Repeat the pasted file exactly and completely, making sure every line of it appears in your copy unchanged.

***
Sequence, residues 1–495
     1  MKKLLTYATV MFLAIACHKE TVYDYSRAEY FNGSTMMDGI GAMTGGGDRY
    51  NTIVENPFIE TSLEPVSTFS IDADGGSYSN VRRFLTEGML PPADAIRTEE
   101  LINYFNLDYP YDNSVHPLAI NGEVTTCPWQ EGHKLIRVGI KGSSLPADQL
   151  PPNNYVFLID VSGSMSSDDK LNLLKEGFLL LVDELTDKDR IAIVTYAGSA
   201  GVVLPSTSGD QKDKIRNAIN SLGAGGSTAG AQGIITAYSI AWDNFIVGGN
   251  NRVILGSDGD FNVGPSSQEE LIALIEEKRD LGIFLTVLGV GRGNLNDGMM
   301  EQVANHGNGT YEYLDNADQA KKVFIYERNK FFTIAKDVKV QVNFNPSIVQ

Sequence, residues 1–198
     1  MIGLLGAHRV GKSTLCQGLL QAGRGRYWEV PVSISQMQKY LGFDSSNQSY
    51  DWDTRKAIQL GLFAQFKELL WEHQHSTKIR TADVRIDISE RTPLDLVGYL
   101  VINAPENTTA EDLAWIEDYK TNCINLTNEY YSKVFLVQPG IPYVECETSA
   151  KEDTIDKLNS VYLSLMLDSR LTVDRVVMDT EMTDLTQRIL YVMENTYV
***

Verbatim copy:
Sequence, residues 1–495
     1  MKKLLTYATV MFLAIACHKE TVYDYSRAEY FNGSTMMDGI GAMTGGGDRY
    51  NTIVENPFIE TSLEPVSTFS IDADGGSYSN VRRFLTEGML PPADAIRTEE
   101  LINYFNLDYP YDNSVHPLAI NGEVTTCPWQ EGHKLIRVGI KGSSLPADQL
   151  PPNNYVFLID VSGSMSSDDK LNLLKEGFLL LVDELTDKDR IAIVTYAGSA
   201  GVVLPSTSGD QKDKIRNAIN SLGAGGSTAG AQGIITAYSI AWDNFIVGGN
   251  NRVILGSDGD FNVGPSSQEE LIALIEEKRD LGIFLTVLGV GRGNLNDGMM
   301  EQVANHGNGT YEYLDNADQA KKVFIYERNK FFTIAKDVKV QVNFNPSIVQ

Sequence, residues 1–198
     1  MIGLLGAHRV GKSTLCQGLL QAGRGRYWEV PVSISQMQKY LGFDSSNQSY
    51  DWDTRKAIQL GLFAQFKELL WEHQHSTKIR TADVRIDISE RTPLDLVGYL
   101  VINAPENTTA EDLAWIEDYK TNCINLTNEY YSKVFLVQPG IPYVECETSA
   151  KEDTIDKLNS VYLSLMLDSR LTVDRVVMDT EMTDLTQRIL YVMENTYV